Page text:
For new parents, it can be a gloriously happy and overwhelming time. But what sensations does your baby experience during his or her first hours outside the womb?
It is the biggest change of environment that your child will ever experience – the transition from a sheltered foetus ensconced in a mother’s womb, to a baby cradled in a mother’s arms. This is also a leap from a world where every need is instinctively met, to one where your baby must learn to ask for what he or she needs, just as you must learn to intuit it.
Far from a momentary change, it is a long and complex adjustment process that continues as your baby is checked over by doctors, washed by nurses, passed from the arms of one loving parent to another, transferred into a cot or incubator – and even as he or she sleeps.
Here are just some of the sensations that your baby will be experiencing in those first 24 hours.
What happens first?
Whether your baby lies still and absorbs their new world or communicates by crying, there is one constant in these first few minutes after birth. Your baby will experience a sudden temperature change. After nine months in a warm womb where the temperature is a stable 38°C, your baby finds himself or herself in a delivery room that is likely far cooler. “A naked baby exposed to an environmental temperature of 23°C at birth, suffers the same heat loss as a naked adult at 0°C,” according to a report into the thermal protection of newborns by the JSI Research and Training Institute.
Newborns can’t fully self regulate their temperature so they quickly lose heat, both when the amniotic fluid evaporates off their body, but also when they are placed on a cold surface, such as a weighing scale or bedsheet. To help warm your baby, hold them close with skin-to-skin contact as soon as possible, and cover their body with a blanket and hat.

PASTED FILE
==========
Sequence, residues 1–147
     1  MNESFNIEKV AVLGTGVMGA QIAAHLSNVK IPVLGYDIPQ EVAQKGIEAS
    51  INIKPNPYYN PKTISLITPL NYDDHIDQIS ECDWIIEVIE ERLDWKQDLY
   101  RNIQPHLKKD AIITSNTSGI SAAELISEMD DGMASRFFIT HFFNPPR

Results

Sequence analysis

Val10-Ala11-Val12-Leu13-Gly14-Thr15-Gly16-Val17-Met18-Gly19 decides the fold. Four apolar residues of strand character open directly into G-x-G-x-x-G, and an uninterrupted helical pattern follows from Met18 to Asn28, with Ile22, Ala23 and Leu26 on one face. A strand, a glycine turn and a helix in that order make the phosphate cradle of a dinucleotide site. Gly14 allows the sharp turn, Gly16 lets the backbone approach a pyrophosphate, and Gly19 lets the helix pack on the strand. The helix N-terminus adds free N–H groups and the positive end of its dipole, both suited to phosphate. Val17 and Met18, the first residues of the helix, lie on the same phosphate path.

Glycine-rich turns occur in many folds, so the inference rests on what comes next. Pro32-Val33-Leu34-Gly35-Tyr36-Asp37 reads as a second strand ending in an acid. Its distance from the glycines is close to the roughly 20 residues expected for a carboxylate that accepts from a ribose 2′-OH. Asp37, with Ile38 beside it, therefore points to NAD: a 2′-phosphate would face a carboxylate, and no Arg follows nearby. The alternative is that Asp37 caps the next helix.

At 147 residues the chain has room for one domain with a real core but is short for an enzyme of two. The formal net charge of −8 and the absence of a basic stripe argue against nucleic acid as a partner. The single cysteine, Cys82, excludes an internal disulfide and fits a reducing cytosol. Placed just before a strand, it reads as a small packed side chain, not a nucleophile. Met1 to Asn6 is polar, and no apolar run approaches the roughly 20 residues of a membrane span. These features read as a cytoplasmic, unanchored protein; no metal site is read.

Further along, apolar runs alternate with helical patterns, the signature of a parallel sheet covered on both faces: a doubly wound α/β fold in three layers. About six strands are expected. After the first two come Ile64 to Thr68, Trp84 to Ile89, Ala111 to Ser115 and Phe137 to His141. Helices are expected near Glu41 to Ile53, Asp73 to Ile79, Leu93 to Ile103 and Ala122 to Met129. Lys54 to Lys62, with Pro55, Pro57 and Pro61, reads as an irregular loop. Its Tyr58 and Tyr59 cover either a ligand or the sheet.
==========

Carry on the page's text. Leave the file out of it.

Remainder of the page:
Remember that newborns can overheat too, so keep an eye on your baby’s temperature using an underarm thermometer. If concerned, speak to a medical professional.
What does the world look like to my baby?
It is likely that your baby will spend a long time looking at your face – or even directly into your eyes. Many parents are surprised at just how inquisitive their newborn is immediately after birth, yet it is a crucial phase in the bonding process as he or she learns to recognise you. However, the world will likely look rather blurry to your baby at first.
Researchers at the Smith-Kettlewell Eye Research Institute in San Francisco discovered that in their first month, babies have a visual acuity of 20/120, equivalent to being able to identify only the largest letter on an optician’s eye chart. It takes them six months to develop full 20/20 vision. To help your baby see you clearly, ensure that your faces are roughly eight to 12 inches apart when communicating.
Don’t be alarmed if your baby doesn’t open his or her eyes properly at first. The force of contractions and use of medical instruments can often give newborns a headache, though this should pass quickly.
What other sensations is my baby experiencing?
Your baby will arrive into the world with an extremely keen sense of smell, taste and hearing. Taste buds are already maturing at 13 to 15 weeks, so by the time your baby reaches the delivery room, he or she can differentiate between sweet, sour and bitter tastes, though not yet salty ones.
Likewise, your baby’s sense of hearing is well developed from birth, and it is likely that he or she can hear your voice from week 25. Research shows that newborn babies’ heart rates often slow when their mother is speaking, suggesting that they not only hear the sound but recognise and feel comforted by it.
Finally, newborns also have a surprisingly sophisticated sense of smell. Some of the most familiar smells that your baby associates with you, will already be a comfort to them, such as the scents that emanate from your underarms and breasts, as well as your regular beauty products. Even when your baby is asleep, he or she will continue to detect and feel comforted by these familiar scents.
These first 24 hours may be utterly exhausting for both you and your baby – and most of them will likely be spent asleep – but thanks to your baby’s well-tuned senses, the bonding process is already well underway.
First published in Yahoo Lifestyle